Wednesday, June 22, 2005

Growing digitial divide in IT labor

Another article on tech employment, this time from the San Jose Mercury News (out of Silicon Valley itself) citing a Bureau of Labor Statistics data, reveals that the percentage of both women and African-Americans in IT jobs in the US has declined since 1996, with Latino-Americans making only slight gains:

Women held 32.4 percent of IT jobs in 2004, down from 41 percent eight years earlier, despite holding steady in the overall workforce. [...]

[T]he presence of African-Americans in IT slid from 9.1 percent in 1996 to 8.3 percent in 2004. They held steady in the overall workforce.

The Latino presence increased slightly in both IT and the workforce. But Latinos made up only 6.4 percent of IT workers, compared with 12.9 percent of the workforce. [...]

The percentage of whites has also dropped in IT from 85.1 percent in 1996 to 82.8 percent in 2004. Still, whites make up by far the majority of the workforce, both in IT and overall.

Asians stood out as the only overrepresented racial group in IT, making up 12.1 percent of IT jobs but 4.3 percent of the overall workforce.


As with all reports on IT labor, the question arises "how is IT labor being defined?" Are these high-wage, high-status "knowledge worker" jobs which women and (most) people and color are trailing in with respect to their overall workforce representation, or are they low-wage, low-status "data worker" jobs instead? The report says the data include "IT jobs in industries ranging from banking to retail," and suggests,

Among reasons for the decline, one in three women in information technology holds (or held) an administrative job, such as entering data or operating computers -- the kind of jobs that have taken the brunt of cutbacks in recent years. Women have made up 80 percent of data-entry keyers since 1996, suggesting they aren't climbing the IT ladder [...]

The report does suggest some possible reasons for the unrepresentative social division of labor in IT: "lack of mentors and role models in corporate management, negative perceptions of IT work as isolating and geeky, and [...] the lack of student enrollment in math and science classes." These are all "human factors" sorts of reasons, blaming any workplace injustice on the individual strategies of managers or the individual skill sets of workers. There are whole other sets of possible reasons, though, including outright individual and collective injustices: from individual discrimination in hiring and education -- conscious or unconscious on the part of employers and teachers -- to collective discrimination through still-separate and still-not-equal primary and secondary education for students in socially-, economically- and politically-disconnected (even abandoned) neighborhoods and towns, levels of voluntary "enrollment in math and science classes" by students in those places aside.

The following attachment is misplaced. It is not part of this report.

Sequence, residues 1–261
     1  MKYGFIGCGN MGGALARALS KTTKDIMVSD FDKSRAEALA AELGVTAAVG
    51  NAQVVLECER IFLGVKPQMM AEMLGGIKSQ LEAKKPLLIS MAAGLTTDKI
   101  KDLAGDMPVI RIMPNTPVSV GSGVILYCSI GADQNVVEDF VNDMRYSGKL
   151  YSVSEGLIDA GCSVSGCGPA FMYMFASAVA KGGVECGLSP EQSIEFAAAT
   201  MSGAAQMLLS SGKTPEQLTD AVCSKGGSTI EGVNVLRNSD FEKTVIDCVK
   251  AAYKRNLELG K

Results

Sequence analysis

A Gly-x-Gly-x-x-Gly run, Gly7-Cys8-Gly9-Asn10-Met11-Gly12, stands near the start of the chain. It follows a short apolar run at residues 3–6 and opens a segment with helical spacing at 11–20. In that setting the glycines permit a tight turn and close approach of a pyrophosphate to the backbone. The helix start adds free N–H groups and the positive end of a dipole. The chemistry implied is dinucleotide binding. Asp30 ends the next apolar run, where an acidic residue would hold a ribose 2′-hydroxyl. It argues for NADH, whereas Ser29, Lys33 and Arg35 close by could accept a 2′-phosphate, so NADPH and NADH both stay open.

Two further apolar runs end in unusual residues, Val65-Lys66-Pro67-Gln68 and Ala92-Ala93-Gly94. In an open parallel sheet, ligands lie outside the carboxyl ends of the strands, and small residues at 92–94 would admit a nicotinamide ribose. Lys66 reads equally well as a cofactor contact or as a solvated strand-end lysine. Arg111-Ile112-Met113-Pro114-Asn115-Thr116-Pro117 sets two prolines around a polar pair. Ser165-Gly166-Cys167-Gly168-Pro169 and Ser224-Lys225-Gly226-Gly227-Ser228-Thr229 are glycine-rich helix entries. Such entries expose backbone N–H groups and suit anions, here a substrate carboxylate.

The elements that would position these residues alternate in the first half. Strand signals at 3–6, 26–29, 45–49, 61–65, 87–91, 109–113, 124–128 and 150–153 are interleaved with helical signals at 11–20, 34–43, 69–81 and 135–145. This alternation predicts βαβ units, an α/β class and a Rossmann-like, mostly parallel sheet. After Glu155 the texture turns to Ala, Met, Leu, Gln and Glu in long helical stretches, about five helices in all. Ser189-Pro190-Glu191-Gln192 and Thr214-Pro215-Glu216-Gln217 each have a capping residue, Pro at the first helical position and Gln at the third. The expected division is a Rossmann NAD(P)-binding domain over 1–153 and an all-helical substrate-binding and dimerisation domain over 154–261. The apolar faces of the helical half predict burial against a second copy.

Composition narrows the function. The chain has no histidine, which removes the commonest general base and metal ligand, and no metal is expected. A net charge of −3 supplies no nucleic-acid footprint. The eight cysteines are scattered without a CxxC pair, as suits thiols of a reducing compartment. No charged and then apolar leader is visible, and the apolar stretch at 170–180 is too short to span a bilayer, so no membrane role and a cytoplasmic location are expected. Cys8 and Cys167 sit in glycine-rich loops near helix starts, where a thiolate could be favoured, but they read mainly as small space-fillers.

Given earlier business press warnings that simply acquiring "IT skills" will not be enough to keep the US IT labor force "competitive" (profitable? exploitable?) in the face of global telematic labor competition, I would hope that the ability to produce and sustain a diverse IT labor force -- both diverse in the social groups that the labor force represents, and diverse in the skills beyond the technical that the labor force holds -- would be a top priority for political and economic decision-makers wishing to invest in the future of the US economy.

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